A MURDEROUS RELATIONS: This series is usually so much fun to read. For what I assumed was the last book in the series it was extremely underwhelming. There was hardly any action or plot and I was very bored the entire time. And the thing that irritated me the most was that after all the angst and sexual tension built up between Veronica and Stoker, the moment when they finally got together was bland and completely unsatisfying. ARC provided by the publisher through NetGalley. ★★★
SCAVENGE THE STARS: This story is a gender-bent retelling of The Count of Monte Cristo, which is not something I had every read before. A quick google search of the synopsis helped me appreciate the cleverness of this book much better. I really enjoyed reading this book and I’m really looking forward to the sequel and seeing what happens next for Amaya and Cayo. ARC received through #booksfortrade on Twitter. ★★★½
FOUL IS FAIR: The book is a loose retelling of Macbeth that revolves around a group of teenage girls enacting revenge on a group of prep boys after one of the girls was assaulted at a party. The first major issue I had with the book was the writing. To put it plainly: I couldn’t stand it. The scenes were very abrupt and the way the dialogue was written felt so stilted and unnatural. My other problem with the book was that a lot of the things that happened felt very far-fetched and unbelievable. ARC provided by the publisher. ★★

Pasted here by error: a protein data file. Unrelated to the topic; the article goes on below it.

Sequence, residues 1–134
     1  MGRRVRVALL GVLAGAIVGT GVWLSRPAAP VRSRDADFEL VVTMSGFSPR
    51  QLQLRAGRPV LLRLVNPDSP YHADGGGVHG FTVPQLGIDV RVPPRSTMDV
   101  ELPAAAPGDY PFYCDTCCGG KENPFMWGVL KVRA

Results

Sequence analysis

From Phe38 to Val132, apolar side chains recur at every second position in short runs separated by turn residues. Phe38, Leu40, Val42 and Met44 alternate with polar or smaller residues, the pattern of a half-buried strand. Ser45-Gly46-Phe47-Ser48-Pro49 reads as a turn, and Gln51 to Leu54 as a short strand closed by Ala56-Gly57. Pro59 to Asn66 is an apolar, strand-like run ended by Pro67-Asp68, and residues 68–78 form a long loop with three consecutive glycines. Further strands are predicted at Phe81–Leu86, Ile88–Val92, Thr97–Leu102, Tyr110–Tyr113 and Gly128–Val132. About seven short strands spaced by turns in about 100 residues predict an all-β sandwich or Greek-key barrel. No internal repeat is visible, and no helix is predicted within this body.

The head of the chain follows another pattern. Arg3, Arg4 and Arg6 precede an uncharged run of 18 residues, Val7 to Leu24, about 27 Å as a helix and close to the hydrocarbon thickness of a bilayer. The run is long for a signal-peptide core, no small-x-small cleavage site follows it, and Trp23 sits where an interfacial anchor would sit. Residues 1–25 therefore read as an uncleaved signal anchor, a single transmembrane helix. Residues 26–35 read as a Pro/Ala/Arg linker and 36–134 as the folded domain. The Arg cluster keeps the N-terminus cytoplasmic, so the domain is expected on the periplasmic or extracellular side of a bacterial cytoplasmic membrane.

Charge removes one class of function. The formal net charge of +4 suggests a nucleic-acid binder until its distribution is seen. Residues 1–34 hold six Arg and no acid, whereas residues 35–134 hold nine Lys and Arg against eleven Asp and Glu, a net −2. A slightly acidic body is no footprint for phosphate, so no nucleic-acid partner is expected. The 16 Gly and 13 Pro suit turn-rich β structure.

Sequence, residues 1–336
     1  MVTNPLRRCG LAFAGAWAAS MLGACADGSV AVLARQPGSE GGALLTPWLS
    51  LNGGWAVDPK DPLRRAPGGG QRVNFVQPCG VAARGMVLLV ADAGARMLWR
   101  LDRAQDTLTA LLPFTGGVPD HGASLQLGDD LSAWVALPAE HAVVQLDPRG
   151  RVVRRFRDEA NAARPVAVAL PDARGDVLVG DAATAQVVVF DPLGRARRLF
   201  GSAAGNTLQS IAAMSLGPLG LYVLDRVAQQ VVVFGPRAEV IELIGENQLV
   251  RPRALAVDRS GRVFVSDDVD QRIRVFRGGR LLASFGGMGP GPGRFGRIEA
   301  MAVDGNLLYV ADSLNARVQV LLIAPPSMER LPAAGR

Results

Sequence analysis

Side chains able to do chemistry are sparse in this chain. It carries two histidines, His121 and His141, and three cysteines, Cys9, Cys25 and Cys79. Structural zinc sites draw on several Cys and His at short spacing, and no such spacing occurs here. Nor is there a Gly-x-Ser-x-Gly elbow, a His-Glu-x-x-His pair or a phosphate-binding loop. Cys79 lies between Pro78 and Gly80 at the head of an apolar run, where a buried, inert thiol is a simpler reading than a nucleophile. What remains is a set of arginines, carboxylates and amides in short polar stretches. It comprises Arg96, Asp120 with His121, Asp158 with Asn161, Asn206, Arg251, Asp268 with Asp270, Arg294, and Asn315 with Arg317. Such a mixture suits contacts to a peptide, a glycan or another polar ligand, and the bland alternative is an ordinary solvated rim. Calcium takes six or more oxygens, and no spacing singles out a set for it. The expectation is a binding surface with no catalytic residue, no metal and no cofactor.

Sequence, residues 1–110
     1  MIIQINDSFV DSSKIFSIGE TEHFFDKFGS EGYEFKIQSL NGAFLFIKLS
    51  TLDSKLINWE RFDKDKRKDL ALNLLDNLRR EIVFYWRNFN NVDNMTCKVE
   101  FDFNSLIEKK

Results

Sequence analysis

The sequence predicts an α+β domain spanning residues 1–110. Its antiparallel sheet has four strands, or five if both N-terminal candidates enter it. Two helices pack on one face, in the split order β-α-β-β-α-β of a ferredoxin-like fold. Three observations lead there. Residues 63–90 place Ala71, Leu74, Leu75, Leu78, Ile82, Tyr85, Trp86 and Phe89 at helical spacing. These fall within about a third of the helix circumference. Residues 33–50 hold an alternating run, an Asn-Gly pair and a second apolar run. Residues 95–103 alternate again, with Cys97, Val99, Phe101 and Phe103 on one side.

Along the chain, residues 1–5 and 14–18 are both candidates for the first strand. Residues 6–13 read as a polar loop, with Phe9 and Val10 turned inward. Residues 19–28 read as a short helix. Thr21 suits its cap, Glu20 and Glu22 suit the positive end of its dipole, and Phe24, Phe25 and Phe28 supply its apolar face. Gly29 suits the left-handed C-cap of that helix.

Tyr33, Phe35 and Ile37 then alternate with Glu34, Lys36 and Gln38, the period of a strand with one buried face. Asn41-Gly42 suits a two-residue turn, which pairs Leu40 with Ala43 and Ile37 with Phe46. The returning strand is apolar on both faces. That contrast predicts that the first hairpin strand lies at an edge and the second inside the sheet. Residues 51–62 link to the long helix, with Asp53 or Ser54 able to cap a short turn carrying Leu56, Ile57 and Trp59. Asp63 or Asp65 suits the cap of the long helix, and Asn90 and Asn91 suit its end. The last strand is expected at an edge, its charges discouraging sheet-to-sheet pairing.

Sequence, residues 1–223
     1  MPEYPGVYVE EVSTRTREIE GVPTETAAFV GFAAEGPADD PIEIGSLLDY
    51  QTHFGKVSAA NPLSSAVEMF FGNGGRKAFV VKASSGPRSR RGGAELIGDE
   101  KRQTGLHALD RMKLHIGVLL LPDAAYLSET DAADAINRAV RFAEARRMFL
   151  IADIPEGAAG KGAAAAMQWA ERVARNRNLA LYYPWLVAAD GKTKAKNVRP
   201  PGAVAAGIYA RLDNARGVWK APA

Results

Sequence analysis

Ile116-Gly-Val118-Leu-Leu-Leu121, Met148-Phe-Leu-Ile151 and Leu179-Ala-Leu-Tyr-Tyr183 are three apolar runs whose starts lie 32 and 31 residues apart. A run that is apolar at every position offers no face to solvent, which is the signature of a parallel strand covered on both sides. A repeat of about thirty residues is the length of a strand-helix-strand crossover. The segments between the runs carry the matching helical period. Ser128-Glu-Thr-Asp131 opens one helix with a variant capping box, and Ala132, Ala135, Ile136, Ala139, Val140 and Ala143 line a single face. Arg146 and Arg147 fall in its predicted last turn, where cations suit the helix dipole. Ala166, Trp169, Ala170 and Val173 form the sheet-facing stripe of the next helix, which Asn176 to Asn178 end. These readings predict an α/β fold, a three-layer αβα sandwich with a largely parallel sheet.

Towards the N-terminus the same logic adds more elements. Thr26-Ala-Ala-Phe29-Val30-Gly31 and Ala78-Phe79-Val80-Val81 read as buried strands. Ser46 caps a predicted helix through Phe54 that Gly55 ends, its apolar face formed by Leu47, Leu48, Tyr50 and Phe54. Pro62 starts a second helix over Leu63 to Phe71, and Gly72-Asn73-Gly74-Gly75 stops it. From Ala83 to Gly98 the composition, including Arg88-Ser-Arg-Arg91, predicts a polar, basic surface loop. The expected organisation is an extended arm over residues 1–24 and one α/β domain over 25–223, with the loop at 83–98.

BEYOND THE SHADOWED EARTH: This is a companion novel to Beneath the Haunting Sea rather than a sequel. The story is about Eda, who makes a small appearance in the first book as the antagonist. Honestly, the thing I enjoyed the most about this book was Eda. She’s not written to be a very likeable character–she manipulated, lied, and murdered her way to be Empress. This is a redemption story for her and I really enjoyed reading about her growth as a character. ARC provided by the publisher through NetGalley. [review] ★★★